University of Cambridge > > Department of Psychiatry & CPFT Thursday Lunchtime Seminar Series > Can we develop cost-effective interventions for youth mental health? Lessons from Kenya

Can we develop cost-effective interventions for youth mental health? Lessons from Kenya

Add to your list(s) Download to your calendar using vCal

If you have a question about this talk, please contact .

Abstract Developing cost-effective interventions for youth mental health in low- and middle-income countries (LMICs) is an urgent public health priority. Over the past years, our multicultural team has developed and tested interventions for adolescent depression and anxiety symptoms. Our intervention development approach was informed by the belief that youth mental health interventions in low-resource communities may benefit from including empirically supported elements, using stigma-free content, and using trained lay-providers. We developed Shamiri—a 4-week, lay-provider-delivered group intervention that teaches growth mindset, gratitude, and value affirmation—for adolescent depression and anxiety. The content is delivered by recent high school graduates (ages 18 – 22) trained as lay-providers. Participants meet in school once-a-week in groups of 9-12 youths (average group size 10). In a 2018 pilot RCT (N = 51), we found that compared to an active control, Shamiri produced greater reductions in adolescent depression symptoms (p = .038; d = .32) and anxiety symptoms (p = .039; d = .54) from baseline to four-week follow-up, and greater improvements in academic performance (p = .034; d = .32) from the school-term before versus after the intervention. This was the first report that a brief, lay-provider delivered, community-based intervention may reduce internalizing symptoms and improve academic outcomes in high-symptom adolescents in Sub-Saharan Africa. In a 2019 high-powered pre-registered and gold-standard RCT (N = 413), Shamiri showed greater reductions in depressive symptoms at post-treatment (Cohen d=0.35 [95%CI 0.09-0.60]), 2-weeks (Cohen d =0.28 [95%CI 0.04-0.54]), and 7-months (Cohen d=0.45 [95%CI 0.19-0.71]), and greater reductions in anxiety symptoms at post-treatment (Cohen d=0.37, [95%CI 0.11-0.63]), 2-weeks (Cohen d=0.26 [95%CI -0.01-0.53]), and 7-months (Cohen d=0.44 [95%CI 0.18-0.71]). These findings confirmed that this kind of intervention may prove useful in other global settings where limited resources, mental illness stigma, or a shortage of professionals limit access to mental health care. Overall, our work in Kenya has shown that simple psychological interventions that focus on positive human attributes rather than psychopathology, are delivered by lay-providers, and are developed through multicultural collaboration may reduce depression and anxiety symptoms and should be considered for use in low-resource settings.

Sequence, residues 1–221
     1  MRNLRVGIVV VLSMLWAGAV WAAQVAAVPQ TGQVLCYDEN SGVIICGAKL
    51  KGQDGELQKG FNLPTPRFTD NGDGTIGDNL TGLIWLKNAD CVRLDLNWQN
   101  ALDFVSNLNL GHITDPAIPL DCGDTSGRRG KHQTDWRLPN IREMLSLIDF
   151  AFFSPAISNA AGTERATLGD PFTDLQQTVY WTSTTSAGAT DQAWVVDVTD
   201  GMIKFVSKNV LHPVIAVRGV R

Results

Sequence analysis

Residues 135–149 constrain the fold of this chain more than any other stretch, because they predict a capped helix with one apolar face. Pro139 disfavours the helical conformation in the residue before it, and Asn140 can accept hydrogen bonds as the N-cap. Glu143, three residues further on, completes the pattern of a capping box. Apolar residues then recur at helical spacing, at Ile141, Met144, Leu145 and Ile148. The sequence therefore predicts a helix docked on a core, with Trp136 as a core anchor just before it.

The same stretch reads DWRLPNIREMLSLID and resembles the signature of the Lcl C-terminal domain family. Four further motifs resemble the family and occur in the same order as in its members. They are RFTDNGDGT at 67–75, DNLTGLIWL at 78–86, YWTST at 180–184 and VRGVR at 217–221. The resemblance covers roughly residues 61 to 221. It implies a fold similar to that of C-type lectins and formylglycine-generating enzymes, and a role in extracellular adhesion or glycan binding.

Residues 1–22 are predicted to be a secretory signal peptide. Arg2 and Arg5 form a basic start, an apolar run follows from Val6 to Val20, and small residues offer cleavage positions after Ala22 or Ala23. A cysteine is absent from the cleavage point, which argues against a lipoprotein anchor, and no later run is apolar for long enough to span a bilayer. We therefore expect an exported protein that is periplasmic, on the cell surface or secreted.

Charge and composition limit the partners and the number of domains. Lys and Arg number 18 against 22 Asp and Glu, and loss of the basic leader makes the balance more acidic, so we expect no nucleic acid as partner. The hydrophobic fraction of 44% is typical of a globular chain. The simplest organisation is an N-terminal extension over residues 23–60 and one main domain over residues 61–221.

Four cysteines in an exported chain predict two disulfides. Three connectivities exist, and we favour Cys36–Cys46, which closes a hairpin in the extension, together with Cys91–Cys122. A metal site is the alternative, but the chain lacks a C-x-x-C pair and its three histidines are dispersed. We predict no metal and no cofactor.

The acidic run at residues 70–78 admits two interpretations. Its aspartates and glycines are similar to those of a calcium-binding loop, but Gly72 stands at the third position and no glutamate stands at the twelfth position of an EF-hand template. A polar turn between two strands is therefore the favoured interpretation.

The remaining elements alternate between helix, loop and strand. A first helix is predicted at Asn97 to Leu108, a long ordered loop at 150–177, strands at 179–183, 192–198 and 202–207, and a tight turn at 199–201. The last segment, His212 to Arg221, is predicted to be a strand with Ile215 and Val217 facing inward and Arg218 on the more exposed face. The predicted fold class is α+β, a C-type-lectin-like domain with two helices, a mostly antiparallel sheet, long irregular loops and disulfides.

Biography Tom Osborn is the founder and Executive Director of Shamiri Institute, a data-driven public benefit organization that combines social science research with a deep contextual knowledge of local communities to develop and scale mental health care to young people across Sub-Saharan Africa and especially Kenya, where 45 percent of young people report clinical depression. Shamiri Institute currently provides mental healthcare to 7,5000 Kenyan youths. Born and raised in poverty — receiving >$300,000 in academic scholarships — Tom has developed a reputation as a community mobilizer, entrepreneur, and global mental health researcher. At 18, he co-founded GreenChar, a social enterprise that provided homes and institutions in rural Kenya and urban slums with clean energy. For his work and leadership at GreenChar, he was the youngest recipient of Echoing Green Fellowship – an award for the world’s best social entrepreneurs. At 19, he was named on the Forbes’ 30 under 30 list in Social Entrepreneurship, the second youngest person to receive the honor. He has also been awarded the Women Deliver Social Entrepreneur Award in 2016, the Anzisha Prize Energy Award and many other awards. Salt Magazine has also listed him as 30 under 30 social entrepreneur. Tom is a 2021TED Fellow—given to doers who have shown unusual accomplishment, exceptional courage, and are creating positive change around the world—and an Acumen Fellow. Tom graduated from Harvard College with a Bachelor’s in Psychology (High Honors). For more information about Tom Osborn, please visit

This talk is part of the Department of Psychiatry & CPFT Thursday Lunchtime Seminar Series series.

Tell a friend about this talk:

This talk is included in these lists:

Note that ex-directory lists are not shown.


© 2006-2024, University of Cambridge. Contact Us | Help and Documentation | Privacy and Publicity